“No menstrual conditions were ever discussed. I have never been educated on any menstrual conditions whatsoever, just like many other girls. As a matter of fact, I never knew what exactly Endometriosis was until I read the article previously posted on the TOTM blog and further researched into it myself. A condition such as Endometriosis is something quite serious. It affects approximately 1 in 10 women in their reproductive years, yet it is not spoken about during the talk. If young girls were aware of the symptoms of Endometriosis, or other menstrual conditions then there would be a much higher possibility of diagnosis’ being found a lot quicker.
I was never told what was ‘abnormal’ in a period, or normal to experience – it was such a basic discussion. I, as a 17-year-old girl, have never been educated on these issues. Which means I wouldn’t even be aware if there was a possibility I was suffering from them.”
Q: Did you feel the talk answered all your questions about periods and menstrual health?
“I feel as though, at the time, it answered all my questions because I was a girl who hadn’t started her period. I didn’t know what questions to even ask. But in hindsight, it didn’t cover half of the questions I’ve had since starting my period. I don’t feel as though menstrual health was spoke about, just ‘here is what a period is’. And ‘this is what you use for when you bleed’.”
Q: What topics did you think were missing when you look back now?
“Toxic Shock Syndrome, Endometriosis, Premenstrual Syndrome, Polycystic Ovary Syndrome.
That you can get blood clotting and horrible cramps or feel nauseous. About alternative sanitary items such as a menstrual cup. That your period can be irregular, especially when you first start and that you can bleed too much or be heavy. What any of this stuff could mean, or result in. Ways to deal with these things. That you can leak in public – and if that happens you should always feel comfortable to be able to tell your teacher (if you were still in school).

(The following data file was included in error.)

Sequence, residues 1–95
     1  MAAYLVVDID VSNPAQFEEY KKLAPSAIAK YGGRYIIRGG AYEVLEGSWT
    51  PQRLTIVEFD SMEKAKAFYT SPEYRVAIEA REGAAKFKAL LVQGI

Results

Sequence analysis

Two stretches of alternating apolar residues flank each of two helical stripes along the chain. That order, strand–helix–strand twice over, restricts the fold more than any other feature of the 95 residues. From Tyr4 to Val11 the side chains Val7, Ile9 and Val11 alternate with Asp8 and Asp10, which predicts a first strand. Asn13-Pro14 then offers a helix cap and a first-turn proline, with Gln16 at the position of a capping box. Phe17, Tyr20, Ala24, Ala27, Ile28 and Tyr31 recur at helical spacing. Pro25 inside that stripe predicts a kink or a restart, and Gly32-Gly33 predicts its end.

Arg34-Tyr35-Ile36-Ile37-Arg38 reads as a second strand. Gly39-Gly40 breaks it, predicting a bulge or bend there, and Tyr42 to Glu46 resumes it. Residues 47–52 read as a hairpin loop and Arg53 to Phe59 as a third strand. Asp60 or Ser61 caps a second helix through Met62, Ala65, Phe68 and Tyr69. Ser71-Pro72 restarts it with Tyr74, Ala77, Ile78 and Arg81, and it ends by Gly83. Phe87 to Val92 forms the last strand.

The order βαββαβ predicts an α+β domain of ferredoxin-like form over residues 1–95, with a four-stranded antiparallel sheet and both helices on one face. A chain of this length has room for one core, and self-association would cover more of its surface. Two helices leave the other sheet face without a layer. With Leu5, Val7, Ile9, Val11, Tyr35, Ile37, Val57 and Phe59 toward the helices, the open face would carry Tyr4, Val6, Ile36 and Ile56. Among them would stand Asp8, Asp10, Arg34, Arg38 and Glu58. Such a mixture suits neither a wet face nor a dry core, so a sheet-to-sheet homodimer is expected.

It’s a PRIME health topic. Yet your health and health conditions surrounding this aren’t commented on too much.”
Q: What are your thoughts on adding menstrual wellbeing to the curriculum?
“Menstrual wellbeing is certainly something that needs to be added to the curriculum and should be covered in much more depth. Without a doubt. I read somewhere that periods are NOT exclusive. We don’t choose to have one. It’s a vital part of life and something we experience monthly. I think it’s awful that menstrual wellbeing isn’t already on the curriculum. Girls should know what’s ‘normal’ and what’s not. I think the taboo behind periods needs to go, and this is just one step towards this. If it’s ‘normalised’ at an early age, eventually views on it being ‘disgusting’ will change. “
Q: Why do you think this is so important?
“To me, I think this is a very important issue. Young people go through a lot of changes when in school, both hormonal and physical changes. Menstrual wellbeing is briefly addressed in Year 6 – when you are around 10-11. It’s a topic that needs to be prioritised in schools. I think topics such as this should be discussed in more depth. The way schools handle the ‘period talk’ is rather awkward, and not usually spoke about on more than the one occasion. This ultimately conditions young girls, and boys to view a menstrual cycle as a taboo topic. This can cause many problems in the future as when these girls begin to start their period they feel ashamed to talk about it due to how it is handled. There is that unwritten rule to not speak about something like this.
This should be gender inclusive…
Not only that but when I had the talk about periods all the boys in my class were asked to leave the room. The discussion was only for girls. I think this is something that needs to change. It only further enforces this uncomfortable feeling for both genders – and leads to a lack of knowledge on both parts. If this was discussed between both boys and girls, there would be less ignorance and comments such as ‘OOO someone’s on their period’. There will be a mutual understanding of what a period is.
Furthermore, regarding physical health for females, this needs to be emphasised. Due to the embarrassment associated with a period, it could result in females feeling too uncomfortable to go to a doctor or seek help, meaning they could suffer really bad.”
Thanks so much to Elise for sharing her thoughts on this topic. You can follow Elise’s art here. If you’re keen to support Alice’s petition to get menstrual wellbeing on the curriculum, then you can find out more here. Got a comment or thought on this topic? Join in the conversation by commenting below or dropping us a message on TOTM socials – Twitter, Facebook and Instagram.